Dallaramji was not amused. 'Don't smile,' he said. 'Each sheep has a name, and when Moda calls, they come running.'
Agrawal wrote: 'Dallaramji demonstrated the truth of his assertion by beginning to whistle and call his own sheep by name. And several of them did come running (as far as it is possible for sheep to run), looking reproachfully at their owner at being interrupted in their browsing.'
Arun Agrawal, professor and associate dean for research in the School of Natural Resources & Environment at the University of Michigan, narrated the story of Dallaramji and shepherd's migration in his book, Poverty and Adaptation. A recently named Guggenheim Fellow, Agrawal will be using his grant to continue his research for the book, which looks at the larger picture of climate change.
"As the world comes to grips with the overwhelming threat of climate change," Agrawal told India Abroad, "we find politicians digging in their heels within their comfortable ideological turfs, decision makers thinking about the next mega-policy that will leave a legacy. And we have corporations hunting for the inside track on the big climate-related business opportunity that will build shareholder value."
Lost in the shuffle, he said, "Are the true victims of future climate change and contemporary climate variability -- the poor farmer, the disadvantaged fisher, the landless labourer, the illiterate sharecropper, and the elderly lower-caste woman; victims of emissions by the over-consuming social strata."
But are the poor just victims, he asked.
"In my research and writing, I am always aware of the need to understand how the poor have been managing the crises in their lives over the centuries," he explained. "Often we keep telling them what to do. But my project focuses on how the poor have adapted for millennia to climate impacts, and what can we learn from the poor, marginal, disadvantaged, illiterate people as they try not just with climate impacts but also the effects of the profligacy of the rich and the apathy of the powerful."
The Guggenheim Fellowship, coupled with a sabbatical and support from the School of Natural Resources and Environment will afford him the time and the space in which to complete his current project, he added.
In telling the stories of people like Dallaramji and the fight for survival of the shepherds, Agrawal is ensuring he does not offer a one-dimensional study. While his work has to be scholarly, it is also filled with vivid stories.
'We traced the footprints of the thieves two miles to the homes of the Sansis (one of the lower castes in Rajasthan) near the village,' Agrawal quoted Dallarmji. 'All of us went. There must have been at least 30 in our group. You should have heard the noise we made. A huge crowd gathered. Those (expletive) had already eaten one of the lambs. First they denied everything. Then they gave back four of the animals, and said they only had stolen four. But once we started threatening them with police their story changed quickly. I played a trick on them and asked Moda and Ranaramji to leave as if they were going to the police station. The Sansis could not take that and gave back the other two sheep, and Rs 200 ($4) for the sheep they ate. I bet that has been their costliest meal.'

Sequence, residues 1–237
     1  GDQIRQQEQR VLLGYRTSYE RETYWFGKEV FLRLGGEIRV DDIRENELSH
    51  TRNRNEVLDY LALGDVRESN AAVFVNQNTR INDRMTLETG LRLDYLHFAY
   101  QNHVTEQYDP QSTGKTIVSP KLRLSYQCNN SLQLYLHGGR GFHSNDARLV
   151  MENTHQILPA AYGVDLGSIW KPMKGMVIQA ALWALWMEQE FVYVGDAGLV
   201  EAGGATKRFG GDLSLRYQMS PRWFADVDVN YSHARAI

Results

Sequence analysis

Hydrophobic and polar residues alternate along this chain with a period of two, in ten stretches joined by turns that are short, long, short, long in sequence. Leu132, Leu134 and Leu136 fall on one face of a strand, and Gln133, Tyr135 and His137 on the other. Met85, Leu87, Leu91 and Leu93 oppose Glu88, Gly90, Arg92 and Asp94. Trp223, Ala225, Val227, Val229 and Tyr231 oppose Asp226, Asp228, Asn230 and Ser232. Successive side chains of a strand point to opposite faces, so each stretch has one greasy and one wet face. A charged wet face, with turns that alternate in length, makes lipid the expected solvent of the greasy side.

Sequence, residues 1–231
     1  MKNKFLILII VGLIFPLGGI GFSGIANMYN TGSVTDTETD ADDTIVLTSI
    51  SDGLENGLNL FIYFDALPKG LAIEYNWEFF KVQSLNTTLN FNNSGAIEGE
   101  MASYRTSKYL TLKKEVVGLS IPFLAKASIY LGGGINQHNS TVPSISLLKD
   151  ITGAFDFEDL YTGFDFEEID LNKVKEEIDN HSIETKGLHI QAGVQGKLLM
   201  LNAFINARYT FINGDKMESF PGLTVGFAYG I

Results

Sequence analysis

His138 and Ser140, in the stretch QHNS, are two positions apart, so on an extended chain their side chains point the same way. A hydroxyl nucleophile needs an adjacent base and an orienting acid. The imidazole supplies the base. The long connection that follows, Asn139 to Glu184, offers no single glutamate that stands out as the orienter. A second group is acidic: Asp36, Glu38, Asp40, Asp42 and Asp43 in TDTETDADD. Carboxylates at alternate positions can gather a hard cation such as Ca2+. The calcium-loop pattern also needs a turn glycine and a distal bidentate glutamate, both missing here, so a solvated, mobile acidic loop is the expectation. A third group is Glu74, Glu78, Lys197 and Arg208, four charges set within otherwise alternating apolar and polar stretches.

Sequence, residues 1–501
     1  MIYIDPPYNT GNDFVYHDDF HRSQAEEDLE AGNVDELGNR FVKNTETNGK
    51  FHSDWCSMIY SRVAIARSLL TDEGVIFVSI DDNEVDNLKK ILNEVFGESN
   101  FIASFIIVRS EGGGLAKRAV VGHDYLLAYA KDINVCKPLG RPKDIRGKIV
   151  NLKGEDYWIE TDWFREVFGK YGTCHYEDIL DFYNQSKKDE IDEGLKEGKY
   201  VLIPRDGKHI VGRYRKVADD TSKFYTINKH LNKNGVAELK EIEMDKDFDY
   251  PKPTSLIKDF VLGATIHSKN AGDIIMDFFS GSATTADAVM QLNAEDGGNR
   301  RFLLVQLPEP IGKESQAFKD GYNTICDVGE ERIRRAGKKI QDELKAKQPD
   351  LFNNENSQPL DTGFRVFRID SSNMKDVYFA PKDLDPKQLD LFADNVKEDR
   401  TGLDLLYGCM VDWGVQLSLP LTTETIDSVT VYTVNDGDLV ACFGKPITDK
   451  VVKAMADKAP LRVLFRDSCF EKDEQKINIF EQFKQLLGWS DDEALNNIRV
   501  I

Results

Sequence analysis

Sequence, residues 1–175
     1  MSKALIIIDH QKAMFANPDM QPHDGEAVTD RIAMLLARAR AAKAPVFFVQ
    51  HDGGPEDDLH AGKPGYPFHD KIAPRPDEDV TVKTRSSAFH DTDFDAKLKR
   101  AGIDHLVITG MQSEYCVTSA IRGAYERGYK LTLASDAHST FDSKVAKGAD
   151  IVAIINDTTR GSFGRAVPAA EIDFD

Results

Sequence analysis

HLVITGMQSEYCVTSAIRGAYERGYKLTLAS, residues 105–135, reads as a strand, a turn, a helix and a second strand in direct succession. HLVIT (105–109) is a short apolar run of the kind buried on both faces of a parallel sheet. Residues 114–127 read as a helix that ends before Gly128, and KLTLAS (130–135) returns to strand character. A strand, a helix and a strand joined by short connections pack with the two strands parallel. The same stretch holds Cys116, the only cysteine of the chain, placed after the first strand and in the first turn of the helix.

The shepherds who migrate because of grass shortage also face problems from upper-caste people, who are often more prosperous.
'In the above description, the Raikas emerge more or less victorious in their conflict with a settled group,' Agrawal wrote. 'But this is not the only kind of story about mobility I learnt. Another incident powerfully brings home the dangers of mobility.
A lawmaker in Madhya Pradesh, for instance, writes to the government: "You can imagine what happens when hundreds of thousands of sheep invade your standing crops for miles. Village after village begins to weep For a whole fortnight these nomads terrorised the place. They even did criminal things like snatching money from people and bread from mothers and sisters going to the fields Last year I had about 500,000 sheep removed from my area. This year, at the time when sheep were being massacred in Dahinala, policemen, village councils, and forest officials in my area were trying to rid farmers' fields of about one hundred thousand sheep."
Mobility, Agrawal noted, "is indeed fraught with danger."
He has an MBA (development administration and public Policy) from the Indian Institute of Management and a PhD in political science from Duke University. But his first degree was in history in 1983 from Delhi University.
"I was getting very frustrated while studying history about not being able to apply it to bring about social changes," he said. He was also getting interested in the work of non-governmental organisations, and continued to study them, and also work with a few.
"There were many NGOs doing very good work," he continued. "But we lacked a comprehensive knowledge of what they were doing."
A key reason he came to America was to acquire the tools to do research on the work of NGOs, and more important, to study how people were coping with disasters and climate changes using their own resources.
Agrawal also coordinates the International Forestry Resources and Institutions network, and is currently carrying out research in Central and East Africa and South Asia.
Agrawal, who has also taught at Yale University, and his recent work has appeared in journals like Science, PNAS, Conservation Biology, World Development, and Development and Change.